By Andrew Magnotta - Photos By Katherine Tyler
Although their admission was guaranteed, many waited for hours on 6th Avenue outside our iHeartRadio Theater to get into the John Mellencamp show, celebrating his incredible career and his new album, Sad Clowns & Hillbillies, out now.
Many in the audience left work after half a day to come see the show, while the man himself was starting work early (7 p.m. local time).
"It beats pouring concrete, I can tell you that," Mellencamp said of his music while chomping away on a piece of gum.
Mellencamp's fans, much like the man himself, are hard-working folks -- smart, decisive and stubborn when they have to be. But when they love something, they love it well and they stick with it. For Mellencamp that's been music, his profession for over 40 years. For his fans, one of their loves is, of course, Mellencamp.
One woman (the first in the door) confessed she's followed the singer/songwriter for 35 years, another was too bashful to disclose the tenure of her own fandom.
After an introduction by Q104.3 New York's Jim Kerr, Mellencamp and his band opened with "Lawless Time," "Minutes to Memories" and then "Check It Out."
Kerr returned to the stage to ask Mellencamp, whose first trip to New York City was as a painter, when it was that he realized he was good at music.
"I'm still waiting for that," replied the iHeartRadio Icon and Rock and Roll Hall of Famer.
With a guitar back in his hands and his band still side-stage, Mellencamp played one of his biggest hits, "Jack & Diane."
"I only play this song because you want me to," he clarified before beginning to strum the chords of the first verse.
They did want him to, and they happily helped him out on the chorus, even obliging to sing almost the entire bridge.
"I was a child when I wrote this song," Mellencamp later told Kerr. "You have to remember, I had no expectations. I wrote this song in 1980. Back then a guy made a couple records and that was it. It wasn't a lifetime occupation or something like that..."
Switching gears to the new album, Sad Clowns & Hillbillies, Mellencamp spoke of his collaboration with Carlene Carter, who previously worked with Mellencamp on his musical, Ghost Brothers of Darkland County.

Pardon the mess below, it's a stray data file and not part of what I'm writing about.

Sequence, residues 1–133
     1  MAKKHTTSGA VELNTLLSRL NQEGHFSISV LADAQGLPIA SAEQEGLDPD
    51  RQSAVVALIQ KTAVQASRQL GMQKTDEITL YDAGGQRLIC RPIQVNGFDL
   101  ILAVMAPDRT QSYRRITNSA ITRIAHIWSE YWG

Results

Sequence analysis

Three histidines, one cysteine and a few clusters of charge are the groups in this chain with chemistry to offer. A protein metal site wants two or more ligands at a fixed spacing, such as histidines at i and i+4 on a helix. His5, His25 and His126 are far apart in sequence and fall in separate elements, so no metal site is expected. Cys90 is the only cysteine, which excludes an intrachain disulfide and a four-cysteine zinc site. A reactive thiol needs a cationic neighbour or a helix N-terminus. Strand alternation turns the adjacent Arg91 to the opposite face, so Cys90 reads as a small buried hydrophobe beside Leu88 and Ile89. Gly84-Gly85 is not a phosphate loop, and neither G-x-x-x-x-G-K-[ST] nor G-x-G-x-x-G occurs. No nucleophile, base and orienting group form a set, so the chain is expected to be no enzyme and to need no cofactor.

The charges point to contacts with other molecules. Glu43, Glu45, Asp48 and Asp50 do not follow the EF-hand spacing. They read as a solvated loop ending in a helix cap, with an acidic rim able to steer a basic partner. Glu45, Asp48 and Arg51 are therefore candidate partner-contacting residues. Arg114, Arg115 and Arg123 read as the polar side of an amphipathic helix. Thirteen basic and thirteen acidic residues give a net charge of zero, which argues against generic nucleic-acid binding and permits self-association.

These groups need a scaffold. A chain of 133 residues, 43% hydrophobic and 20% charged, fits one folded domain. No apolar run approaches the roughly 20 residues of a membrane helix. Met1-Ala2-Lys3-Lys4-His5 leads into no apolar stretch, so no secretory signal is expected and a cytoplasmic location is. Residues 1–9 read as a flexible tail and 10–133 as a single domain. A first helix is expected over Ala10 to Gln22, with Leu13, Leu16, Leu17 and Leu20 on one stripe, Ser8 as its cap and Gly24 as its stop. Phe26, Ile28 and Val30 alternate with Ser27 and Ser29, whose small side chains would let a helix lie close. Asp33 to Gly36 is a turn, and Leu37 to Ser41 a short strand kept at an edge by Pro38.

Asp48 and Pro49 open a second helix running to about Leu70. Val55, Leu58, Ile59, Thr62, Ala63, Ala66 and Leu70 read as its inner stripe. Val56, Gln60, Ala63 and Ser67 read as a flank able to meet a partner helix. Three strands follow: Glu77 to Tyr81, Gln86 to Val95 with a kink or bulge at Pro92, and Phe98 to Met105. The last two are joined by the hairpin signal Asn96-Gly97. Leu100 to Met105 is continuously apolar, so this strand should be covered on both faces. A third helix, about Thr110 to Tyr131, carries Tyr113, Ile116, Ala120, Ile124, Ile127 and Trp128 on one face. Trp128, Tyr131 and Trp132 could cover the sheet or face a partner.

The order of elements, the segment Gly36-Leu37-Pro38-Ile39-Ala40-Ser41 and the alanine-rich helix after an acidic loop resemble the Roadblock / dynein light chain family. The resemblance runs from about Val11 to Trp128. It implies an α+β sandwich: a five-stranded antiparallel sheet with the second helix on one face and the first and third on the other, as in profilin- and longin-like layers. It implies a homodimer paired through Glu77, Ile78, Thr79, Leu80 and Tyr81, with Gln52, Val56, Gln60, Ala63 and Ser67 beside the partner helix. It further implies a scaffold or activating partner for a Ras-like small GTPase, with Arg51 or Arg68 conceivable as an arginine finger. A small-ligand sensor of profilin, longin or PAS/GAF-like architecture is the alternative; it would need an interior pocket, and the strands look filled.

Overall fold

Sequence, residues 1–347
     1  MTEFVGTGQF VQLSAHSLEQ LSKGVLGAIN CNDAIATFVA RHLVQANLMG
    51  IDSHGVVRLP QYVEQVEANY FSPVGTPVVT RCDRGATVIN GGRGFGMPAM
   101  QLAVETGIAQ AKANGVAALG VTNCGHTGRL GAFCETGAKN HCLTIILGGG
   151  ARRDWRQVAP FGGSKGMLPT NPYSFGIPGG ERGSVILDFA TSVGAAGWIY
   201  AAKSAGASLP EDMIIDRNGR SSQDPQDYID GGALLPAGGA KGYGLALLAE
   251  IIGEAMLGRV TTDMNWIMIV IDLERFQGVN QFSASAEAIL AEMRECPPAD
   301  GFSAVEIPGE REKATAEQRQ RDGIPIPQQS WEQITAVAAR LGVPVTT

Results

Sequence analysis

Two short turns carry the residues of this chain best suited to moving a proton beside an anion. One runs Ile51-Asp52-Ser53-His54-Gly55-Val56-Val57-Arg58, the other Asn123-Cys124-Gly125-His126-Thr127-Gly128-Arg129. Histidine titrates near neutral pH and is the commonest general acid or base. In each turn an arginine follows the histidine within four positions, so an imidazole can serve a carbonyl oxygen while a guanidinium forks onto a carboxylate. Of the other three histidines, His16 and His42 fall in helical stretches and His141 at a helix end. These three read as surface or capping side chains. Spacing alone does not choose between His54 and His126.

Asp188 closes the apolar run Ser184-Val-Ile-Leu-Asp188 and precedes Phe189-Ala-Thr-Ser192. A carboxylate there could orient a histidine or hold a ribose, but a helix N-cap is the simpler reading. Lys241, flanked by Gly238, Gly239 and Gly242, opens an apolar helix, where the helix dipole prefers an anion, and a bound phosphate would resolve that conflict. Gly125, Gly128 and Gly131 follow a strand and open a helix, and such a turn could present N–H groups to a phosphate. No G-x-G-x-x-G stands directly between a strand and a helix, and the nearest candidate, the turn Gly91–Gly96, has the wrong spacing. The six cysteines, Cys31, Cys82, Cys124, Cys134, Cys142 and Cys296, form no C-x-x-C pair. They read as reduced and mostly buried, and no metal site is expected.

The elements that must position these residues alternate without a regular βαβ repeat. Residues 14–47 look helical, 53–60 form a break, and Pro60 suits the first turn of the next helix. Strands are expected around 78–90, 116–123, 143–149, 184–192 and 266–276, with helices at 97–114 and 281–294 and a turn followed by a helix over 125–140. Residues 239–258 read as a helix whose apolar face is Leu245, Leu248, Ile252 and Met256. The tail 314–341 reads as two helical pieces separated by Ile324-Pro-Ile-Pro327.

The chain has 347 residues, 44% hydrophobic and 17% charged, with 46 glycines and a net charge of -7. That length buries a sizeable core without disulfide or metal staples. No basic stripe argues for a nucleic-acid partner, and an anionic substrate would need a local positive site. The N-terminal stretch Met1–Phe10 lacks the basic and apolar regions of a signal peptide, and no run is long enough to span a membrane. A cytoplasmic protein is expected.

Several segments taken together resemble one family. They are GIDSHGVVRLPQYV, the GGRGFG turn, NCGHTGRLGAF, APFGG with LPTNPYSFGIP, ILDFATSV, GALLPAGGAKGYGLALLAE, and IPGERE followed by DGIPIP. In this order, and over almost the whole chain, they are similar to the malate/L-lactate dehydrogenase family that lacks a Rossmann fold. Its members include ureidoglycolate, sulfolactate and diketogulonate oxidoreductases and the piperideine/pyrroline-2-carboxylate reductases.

Mellencamp is known for being prolific. He says only one in ten songs he writes is good enough to release, but he never throws anything away.
"I've written some songs that I went back later and listened to, and they weren't [any good]," he said, cracking a smile.
"But I never throw anything away...We all work hard to get what we've got...I am a hoarder," he admitted.
Continuing with the compliment of his full band, Mellencamp played "What Kind
of Man" and "Easy Targets," Mellencamp's somber take on the state of America.
Mellencamp then discussed the album's second single, "Grandview," which was a collaboration with his cousin Bobby Clark.
Mellencamp joked that the song took a while to finish on account of Clark's "lousy" arrangement, but they figured out a way to make it work, and even got Martina McBride to lend her vocals to the song.
"It's the only time I've heard living in a house trailer sound sexy,"
Mellencamp said of the lyrics to "Grandview."
With McBride absent from the iHeartRadio Theater, Clark joined Mellencamp to sing her part.
After quickly detuning the guitars, the band launched into "Authority Song," and then set closer, "Pink Houses."
We're all happy to see Mellencamp back onstage -- even the famously stoic
singer couldn't hide his enjoyment. There will be plenty more to come on his
upcoming Sad Clowns & Hillbillies Tour, his first summer tour in 15 years.